to be objective in deciding whether an
approach may not be yielding results.
Time and money are closely related
and difficult to manage because breakthroughs are impossible to schedule,
but competition for resources brings
the estimates of other experts to bear
on the questions of what results can
be expected, how long it will take, and
how much it will cost.
Therefore, in addition to vision
and new ideas, effective program
managers will bring deep expertise
and credibility in their scientific discipline to their role in government.
Depth is necessary to understand the
real risks in a problem domain, to
select the most promising researchers and plans, and to distinguish true
technical innovation from rhetorical skill. Deep expertise and credibility require that program managers be
drawn from the scientific community,
while public service entails standing
somewhat apart from the community, for fairness and to prevent real
or perceived conflicts of interest. The
perspective of a public servant drawn
from the scientific community can be
both challenging (since it requires a
view at “field” level or even “national”
level, rather than “specialty” level),
and a tremendous opportunity for
community and personal growth.
What Do You Get out of it?
One unfortunate, destructive, and
derogatory myth about program management is that it is a purely administrative job, giving management briefings, rating proposals, and dunning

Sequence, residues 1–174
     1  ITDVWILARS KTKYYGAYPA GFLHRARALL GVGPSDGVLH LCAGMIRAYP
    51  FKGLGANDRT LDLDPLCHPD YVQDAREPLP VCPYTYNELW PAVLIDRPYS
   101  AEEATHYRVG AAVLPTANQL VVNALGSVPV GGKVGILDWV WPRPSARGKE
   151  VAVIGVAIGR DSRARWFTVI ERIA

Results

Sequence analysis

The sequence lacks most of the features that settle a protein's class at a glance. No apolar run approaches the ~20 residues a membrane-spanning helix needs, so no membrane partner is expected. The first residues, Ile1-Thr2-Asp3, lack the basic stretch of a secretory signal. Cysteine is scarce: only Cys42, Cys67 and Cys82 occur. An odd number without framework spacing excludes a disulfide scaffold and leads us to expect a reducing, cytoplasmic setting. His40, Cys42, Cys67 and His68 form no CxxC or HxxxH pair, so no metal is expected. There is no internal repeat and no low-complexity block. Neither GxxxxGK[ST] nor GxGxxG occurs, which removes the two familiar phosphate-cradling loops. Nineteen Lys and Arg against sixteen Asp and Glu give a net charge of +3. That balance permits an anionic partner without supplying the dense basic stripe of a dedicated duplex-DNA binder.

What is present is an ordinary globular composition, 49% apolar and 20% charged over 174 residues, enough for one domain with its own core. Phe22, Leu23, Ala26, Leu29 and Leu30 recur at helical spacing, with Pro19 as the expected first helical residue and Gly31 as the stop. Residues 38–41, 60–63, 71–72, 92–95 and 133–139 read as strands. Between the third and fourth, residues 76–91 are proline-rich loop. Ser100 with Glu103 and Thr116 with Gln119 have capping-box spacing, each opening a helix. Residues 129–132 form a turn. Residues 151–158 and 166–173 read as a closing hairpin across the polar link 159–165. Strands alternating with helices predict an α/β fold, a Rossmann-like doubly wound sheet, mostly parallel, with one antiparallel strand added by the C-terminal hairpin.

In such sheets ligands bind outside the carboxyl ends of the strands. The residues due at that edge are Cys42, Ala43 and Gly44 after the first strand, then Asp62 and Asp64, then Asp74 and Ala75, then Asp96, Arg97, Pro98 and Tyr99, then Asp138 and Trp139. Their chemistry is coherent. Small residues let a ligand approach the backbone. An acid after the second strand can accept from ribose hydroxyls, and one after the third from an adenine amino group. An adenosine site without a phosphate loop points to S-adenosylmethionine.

people for annual reports. It is not.
There are huge technical, professional, and personal rewards.
On the technical front, you are
exposed to real problems, new technologies, and alternative solutions
that you might never have imagined
without the experience. A sample
suggestion I got when I was looking
for applications for my approaches
to extreme networking environments was “read Black Hawk Down,”
which focused my attention on wireless communications and the prob-lem-rich urban communications
environment, leading to, for example, efforts in cognitive networking
(SAPIENT, for Situation-Aware Protocols in Edge Network Technolo-
of a public servant
be both challenging
and a tremendous
gies4) and distributed radio (ACERT,
for Adaptive Cognition-Enhanced
Radio Teams1, 5). The broad exposure
to other problems (for example, the
traditional sciences, engineering
disciplines such as aerospace, and
emerging areas such as programmable matter) allows you to inject
computer science thinking where it
is necessary and shape new opportunities for advanced research.
The professional rewards accrue
from doing a great job in public—you
are never more visible than when you
are in Washington, D.C., and your impact may persist for many years as a
result of the programs you create and
the people and teams you support. It is
no surprise that your peers take notice
and give credit where it is due. Further,
the new skills you have gained catapult
you into a new realm of mentoring and
advisory roles, since they have direct
bearing on the ability of any group to
accomplish an agenda.